How about us? Did Jesus give us instructions about our message? Yes, he did. Jesus told us to preach the gospel. Back to Mark 16:15: “Go into all the world and preach the good news to all creation.” (Mark 16:15) The gospel is the good news that Jesus died on the cross to pay the full price for our sins and rose again from the dead victorious over sin and death. That is the message that we are to bring into all the world.

   C. Their miracles: “Heal the sick; raise the dead; drive out demons” (8)

We’ve looked at the disciples’ mission and their message. Now let’s look at their miracles. Jesus tells them in Matthew 10:8 “Heal the sick, raise the dead, cleanse those who have leprosy, drive out demons. Freely you have received, freely give.” (Matthew 10:8)

These are the same kinds of miracles Jesus performed in Matthew 8-9 when we looked at the miracles of Jesus. Notice how cleansing those who have leprosy is also emphasized. When we looked at Jesus healing the leper back in Matthew 8, we saw how healing from leprosy especially symbolized God’s power to cleanse us from sin.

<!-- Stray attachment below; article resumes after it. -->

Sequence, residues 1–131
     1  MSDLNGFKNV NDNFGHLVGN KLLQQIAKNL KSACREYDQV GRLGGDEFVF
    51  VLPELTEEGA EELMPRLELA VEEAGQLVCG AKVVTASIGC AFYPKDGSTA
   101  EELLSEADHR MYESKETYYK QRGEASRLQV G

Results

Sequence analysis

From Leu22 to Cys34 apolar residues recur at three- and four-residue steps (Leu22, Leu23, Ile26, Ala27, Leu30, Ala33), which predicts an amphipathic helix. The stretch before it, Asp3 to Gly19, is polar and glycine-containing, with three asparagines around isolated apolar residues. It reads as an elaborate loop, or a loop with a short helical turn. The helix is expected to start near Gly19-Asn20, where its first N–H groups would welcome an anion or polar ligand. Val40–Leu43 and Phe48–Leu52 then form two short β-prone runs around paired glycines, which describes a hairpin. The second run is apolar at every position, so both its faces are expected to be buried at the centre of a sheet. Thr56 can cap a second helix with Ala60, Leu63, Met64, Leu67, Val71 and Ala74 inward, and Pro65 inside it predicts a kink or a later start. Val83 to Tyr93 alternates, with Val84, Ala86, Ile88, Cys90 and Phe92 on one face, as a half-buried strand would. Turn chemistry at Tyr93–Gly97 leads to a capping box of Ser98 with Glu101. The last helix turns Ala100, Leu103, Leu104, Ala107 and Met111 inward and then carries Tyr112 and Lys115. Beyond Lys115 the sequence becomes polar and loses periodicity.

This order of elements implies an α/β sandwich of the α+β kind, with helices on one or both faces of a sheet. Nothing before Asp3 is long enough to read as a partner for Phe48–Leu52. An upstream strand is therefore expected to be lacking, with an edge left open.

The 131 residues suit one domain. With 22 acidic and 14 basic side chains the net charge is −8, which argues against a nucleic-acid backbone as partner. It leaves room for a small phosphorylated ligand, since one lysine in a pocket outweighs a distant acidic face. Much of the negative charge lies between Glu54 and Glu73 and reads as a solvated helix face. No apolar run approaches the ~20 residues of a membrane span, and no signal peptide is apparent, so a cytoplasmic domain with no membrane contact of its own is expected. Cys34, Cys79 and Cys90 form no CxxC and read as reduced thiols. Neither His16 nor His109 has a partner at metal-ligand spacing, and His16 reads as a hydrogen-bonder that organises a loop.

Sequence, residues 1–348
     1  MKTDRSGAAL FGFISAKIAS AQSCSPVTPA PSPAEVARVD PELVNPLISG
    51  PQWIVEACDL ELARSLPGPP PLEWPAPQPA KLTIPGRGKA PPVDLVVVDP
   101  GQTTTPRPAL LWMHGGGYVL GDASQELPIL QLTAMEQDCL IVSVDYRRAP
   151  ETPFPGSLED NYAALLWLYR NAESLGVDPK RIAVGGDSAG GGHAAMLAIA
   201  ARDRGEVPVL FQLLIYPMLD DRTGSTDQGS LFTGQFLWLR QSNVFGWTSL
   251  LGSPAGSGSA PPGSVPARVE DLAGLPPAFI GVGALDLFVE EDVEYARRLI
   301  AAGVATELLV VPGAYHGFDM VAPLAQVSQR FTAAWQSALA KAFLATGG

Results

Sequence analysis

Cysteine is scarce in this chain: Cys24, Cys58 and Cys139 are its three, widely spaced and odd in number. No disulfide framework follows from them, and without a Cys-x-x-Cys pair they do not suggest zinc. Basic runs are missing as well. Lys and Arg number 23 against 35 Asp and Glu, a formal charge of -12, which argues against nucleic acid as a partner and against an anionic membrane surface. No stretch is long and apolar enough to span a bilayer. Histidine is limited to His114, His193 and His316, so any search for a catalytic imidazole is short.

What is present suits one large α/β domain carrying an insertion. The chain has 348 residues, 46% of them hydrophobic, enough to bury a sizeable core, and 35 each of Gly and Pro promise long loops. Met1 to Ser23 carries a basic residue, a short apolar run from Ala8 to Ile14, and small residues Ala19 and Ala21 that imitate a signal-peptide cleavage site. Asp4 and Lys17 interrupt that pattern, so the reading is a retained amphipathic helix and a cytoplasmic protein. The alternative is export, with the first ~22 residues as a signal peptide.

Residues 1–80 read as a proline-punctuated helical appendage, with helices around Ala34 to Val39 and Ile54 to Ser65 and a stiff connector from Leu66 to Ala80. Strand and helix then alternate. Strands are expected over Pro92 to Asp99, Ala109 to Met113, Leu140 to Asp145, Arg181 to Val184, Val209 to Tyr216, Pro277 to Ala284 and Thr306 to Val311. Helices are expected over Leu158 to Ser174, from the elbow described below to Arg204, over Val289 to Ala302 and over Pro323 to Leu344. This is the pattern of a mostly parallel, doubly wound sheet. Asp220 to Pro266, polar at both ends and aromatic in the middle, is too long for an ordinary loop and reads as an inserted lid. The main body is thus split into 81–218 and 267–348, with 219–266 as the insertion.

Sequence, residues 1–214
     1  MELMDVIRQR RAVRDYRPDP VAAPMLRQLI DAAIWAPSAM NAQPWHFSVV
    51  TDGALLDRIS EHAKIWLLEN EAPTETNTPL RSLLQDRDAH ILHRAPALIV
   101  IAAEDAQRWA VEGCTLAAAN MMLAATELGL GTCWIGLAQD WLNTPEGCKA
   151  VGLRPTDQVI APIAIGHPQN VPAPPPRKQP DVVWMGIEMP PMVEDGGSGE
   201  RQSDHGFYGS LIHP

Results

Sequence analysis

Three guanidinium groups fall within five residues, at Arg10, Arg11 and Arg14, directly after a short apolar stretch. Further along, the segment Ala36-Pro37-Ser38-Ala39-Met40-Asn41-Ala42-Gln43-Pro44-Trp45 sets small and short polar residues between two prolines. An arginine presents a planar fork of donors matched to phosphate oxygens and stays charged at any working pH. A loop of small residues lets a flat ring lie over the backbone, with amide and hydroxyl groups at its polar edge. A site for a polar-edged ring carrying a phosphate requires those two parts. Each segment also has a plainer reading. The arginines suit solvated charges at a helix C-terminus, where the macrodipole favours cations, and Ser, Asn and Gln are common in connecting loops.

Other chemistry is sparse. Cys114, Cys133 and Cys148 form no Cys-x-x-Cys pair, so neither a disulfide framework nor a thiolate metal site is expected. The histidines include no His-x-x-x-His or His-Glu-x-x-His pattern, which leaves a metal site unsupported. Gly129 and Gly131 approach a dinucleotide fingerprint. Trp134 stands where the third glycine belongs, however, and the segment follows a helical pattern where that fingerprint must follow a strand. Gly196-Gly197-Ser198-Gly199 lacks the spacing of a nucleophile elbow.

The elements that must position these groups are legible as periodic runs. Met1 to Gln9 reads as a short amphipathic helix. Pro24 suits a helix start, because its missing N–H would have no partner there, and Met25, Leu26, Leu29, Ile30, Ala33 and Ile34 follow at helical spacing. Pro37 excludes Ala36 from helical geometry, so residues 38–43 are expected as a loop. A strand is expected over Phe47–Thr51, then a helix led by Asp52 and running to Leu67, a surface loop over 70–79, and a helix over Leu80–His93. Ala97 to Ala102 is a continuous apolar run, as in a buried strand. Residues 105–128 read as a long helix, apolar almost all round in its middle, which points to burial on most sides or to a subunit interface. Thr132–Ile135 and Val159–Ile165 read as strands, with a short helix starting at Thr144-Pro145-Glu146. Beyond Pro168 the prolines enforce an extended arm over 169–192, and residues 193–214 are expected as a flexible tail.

So why all these miracles? Why not just preach the message without the miracles? Because the miracles were part of their message. Jesus gave them the power to perform miracles because of their message. Remember, their message was the same as his message: “The kingdom of God is near.” What is the kingdom of God? God’s rule over sickness and Satan and death. How do you know the kingdom of God is near? When you see Jesus, the King, exercising his power over sickness and Satan and death. The apostles were sent out as representatives of Christ, and so Jesus gave them the same authority over sickness and Satan and death that he had.

Notice also that the apostles were not to charge for their services. They received this power and authority free of charge, and what they received freely, they were to give freely to others.

         Our miracles: “Ask in Jesus’ name” (John 14:12-14)

So, what about us? Have we been given the same power to work miracles as the apostles were given? Some would say yes, but I believe the apostles were given a special power and anointing by Jesus for their mission. They were given direct power to heal the sick, to raise the dead and to drive out demons. They just had to say it, and it happened. Just like Moses and Elijah and others were given special powers to work miracles in the Old Testament, so the apostles were given special powers to work miracles in the New Testament. That’s why they’re called apostles and we’re not.